Thousands march in Slovakia to honour slain journalist

Similar marches were being held in some 25 towns and cities across the country and in cities overseas, including London, Paris and Brussels.

Most-Hid, a junior party in his coalition, raised the prospect of withdrawing support as it entered internal talks on Friday, after calling for Interior Minister Robert Kalinak, a close ally of Fico, whose business acquaintances had been subjects of Kuciak's earlier articles, to resign.

In the Slovak capital Bratislava, among the 20,000 protesters, some carried photographs of Mr Kuciak and Ms Kusnirova, along with a banner reading: "An attack on journalists is an attack on all of us".

The murder of Kuciak, whose reporting focused primarily on links between businessmen and Slovak politicians, was the first of a journalist in the country. Kuciak had been looking into suspected mafia links among Italian businessmen in eastern Slovakia at the time of his death.

The seven men were taken into custody Thursday when police raided houses allegedly linked to members of an Italian crime syndicate.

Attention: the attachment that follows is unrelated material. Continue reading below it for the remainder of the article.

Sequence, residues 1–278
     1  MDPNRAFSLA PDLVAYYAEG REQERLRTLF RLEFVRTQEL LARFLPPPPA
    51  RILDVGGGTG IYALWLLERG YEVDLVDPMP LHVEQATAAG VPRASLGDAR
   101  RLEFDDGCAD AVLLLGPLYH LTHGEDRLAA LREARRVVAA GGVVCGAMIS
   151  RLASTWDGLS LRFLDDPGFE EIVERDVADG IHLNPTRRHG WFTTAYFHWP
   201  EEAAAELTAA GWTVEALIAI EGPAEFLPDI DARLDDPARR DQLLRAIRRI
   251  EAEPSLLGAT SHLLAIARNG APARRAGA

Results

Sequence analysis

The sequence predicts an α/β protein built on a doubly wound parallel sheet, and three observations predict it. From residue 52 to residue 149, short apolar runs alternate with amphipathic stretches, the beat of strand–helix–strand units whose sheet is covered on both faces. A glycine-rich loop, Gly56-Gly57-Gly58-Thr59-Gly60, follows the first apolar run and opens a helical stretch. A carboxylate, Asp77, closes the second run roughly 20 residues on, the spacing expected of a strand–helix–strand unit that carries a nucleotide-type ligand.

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Tom Wolf issued a statement Monday in favor of unions and said the case before the Supreme Court will take the state backward. Fair-share agency fees for public service unions were legalized in the 1970's in the Abood versus the Detroit Teachers case.

A retired Italian anti-Mafia prosecutor said Italian prosecutors had warned authorities in Slovakia of "dangerous" infiltration by a powerful organised crime syndicate before the killings.

Mr Roberti suggested the group may have killed the journalist as "there was no other way to silence" him.

The FBI, Scotland Yard and Europol are helping Slovak police with the investigation.

The killings come less than five months after anti-corruption journalist, Daphne Caruana Galizia, died in a vehicle bomb on Malta.

  • Delia Davidson